Dr. Orna Guralnik’s career is all about drawing boundaries. As a psychoanalyst, boundaries between herself and patients, in addition to the necessary space between her work and personal life, are in constant interplay. Pair that with hosting Showtime’s Couple’s Therapy — called “raw and delicious” by at least one prominent outlet — and you have quite the professional balancing act.
Dr. Guralnik’s work doesn’t stop when the cameras turn off; she’s still seeing clients and conducting research when producers and directors aren’t around, and seeking ways to inform her methods by expanding her mind through reading fiction, meditating, and practicing yoga. I asked Dr. Guralnik about continuously toggling between realms professional and private, and the very public forum of her Showtime series, which will see its second season premiere on April 18.
What’s different about relationship counselling compared to talk therapy with just one client?
I was drawn to working with couples because intimate love relationships (or the refusal to engage in them) is such an important driver and experience for most people. People express in their couplehood much of their essence — from their early histories of attachment to their politics and how they believe one should address difference and resolve conflict. In individual work, much of the work is reflective and contemplative, while couples quickly enact their issues in real time as opposed to thinking and talking about it. Couples work is a good balance for my deep psychoanalytic work with individuals.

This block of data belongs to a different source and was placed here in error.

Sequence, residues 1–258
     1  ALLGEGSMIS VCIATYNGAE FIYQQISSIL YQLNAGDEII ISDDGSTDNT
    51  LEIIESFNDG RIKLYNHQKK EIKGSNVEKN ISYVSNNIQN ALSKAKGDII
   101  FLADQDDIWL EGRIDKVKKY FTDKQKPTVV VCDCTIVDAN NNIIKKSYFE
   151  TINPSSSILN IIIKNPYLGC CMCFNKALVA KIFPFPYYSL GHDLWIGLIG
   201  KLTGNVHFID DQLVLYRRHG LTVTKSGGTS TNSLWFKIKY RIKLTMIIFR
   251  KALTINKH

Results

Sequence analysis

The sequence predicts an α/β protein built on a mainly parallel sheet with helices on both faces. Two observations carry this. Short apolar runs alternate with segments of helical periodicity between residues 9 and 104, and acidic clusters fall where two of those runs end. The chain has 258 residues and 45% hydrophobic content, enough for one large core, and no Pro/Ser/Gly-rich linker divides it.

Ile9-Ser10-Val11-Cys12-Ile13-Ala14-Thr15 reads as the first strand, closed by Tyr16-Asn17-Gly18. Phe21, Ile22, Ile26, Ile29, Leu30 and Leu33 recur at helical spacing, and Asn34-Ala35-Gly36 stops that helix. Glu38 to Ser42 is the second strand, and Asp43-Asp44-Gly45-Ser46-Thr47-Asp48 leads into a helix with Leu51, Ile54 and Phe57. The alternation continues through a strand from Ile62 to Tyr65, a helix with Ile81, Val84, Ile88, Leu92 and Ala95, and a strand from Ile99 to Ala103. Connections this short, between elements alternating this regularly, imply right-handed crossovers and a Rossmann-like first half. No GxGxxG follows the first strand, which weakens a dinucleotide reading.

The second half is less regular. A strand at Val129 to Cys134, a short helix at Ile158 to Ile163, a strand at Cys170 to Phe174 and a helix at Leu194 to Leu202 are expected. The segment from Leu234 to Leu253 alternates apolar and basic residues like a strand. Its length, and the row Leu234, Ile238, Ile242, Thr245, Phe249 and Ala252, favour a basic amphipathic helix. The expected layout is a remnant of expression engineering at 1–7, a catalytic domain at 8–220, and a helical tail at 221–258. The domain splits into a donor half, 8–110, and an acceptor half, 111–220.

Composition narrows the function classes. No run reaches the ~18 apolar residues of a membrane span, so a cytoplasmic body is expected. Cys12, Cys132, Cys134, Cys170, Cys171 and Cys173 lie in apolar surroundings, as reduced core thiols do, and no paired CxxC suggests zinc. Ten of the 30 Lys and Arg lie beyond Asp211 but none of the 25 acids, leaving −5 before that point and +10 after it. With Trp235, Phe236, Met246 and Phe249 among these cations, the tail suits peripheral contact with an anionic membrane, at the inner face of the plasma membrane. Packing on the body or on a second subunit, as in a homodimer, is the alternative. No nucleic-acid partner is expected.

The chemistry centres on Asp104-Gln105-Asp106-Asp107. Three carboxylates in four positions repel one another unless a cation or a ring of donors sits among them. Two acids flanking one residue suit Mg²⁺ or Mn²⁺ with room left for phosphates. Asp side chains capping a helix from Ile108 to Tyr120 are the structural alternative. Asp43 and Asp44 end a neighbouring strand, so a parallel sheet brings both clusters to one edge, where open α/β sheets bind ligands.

How do you juggle the demands of counselling for a television show in addition to having more traditional clients?
Although the work itself is not very different, my work on the docuseries is also a major team effort as I work closely with the brilliant and talented group of directors and editors. That is a wonderful addition to my life as an analyst, which is typically much more solitary. As far as juggling the many demands, I work on keeping solid boundaries between different realms of my life. The preparation for the different modes of work is similar in terms of basically taking care of my mind. I read a lot of theory and discuss my work with colleagues, making sure I have a meaningful life outside of work. Plus, I create space to support my mind by reading fiction, meditating and practicing yoga.
What would someone who watches your show not see in terms of your average workday?
Being a psychoanalyst means one is always working to deepen and expand the mind. I belong to reading and writing groups that have gone on for decades, and I write academically and take courses — as do my colleagues. And I make sure to read poetry. It is all about being in a state of making space for the unconscious to show itself.
How do you separate yourself from work?
Boundaries are key to a proper psychoanalytic practice — good boundaries between analyst and patient, so you’re not flooding your patient with your own “stuff,” and vice versa, and boundaries between the space of therapeutic work and the rest of life. At this point, most of the time I can decide how much material I want to keep processing that comes up in sessions and when it’s a good idea to let go and return to it when I have the space.
When it comes to developing new means of conflict resolution, how much comes in actual practice with couples, versus by yourself when you’re reflecting?
It’s hard to separate. Many spontaneous new ideas emerge in sessions, but those are actually the result of much behind-the-scenes work that happens when thinking, reading, and talking to colleagues.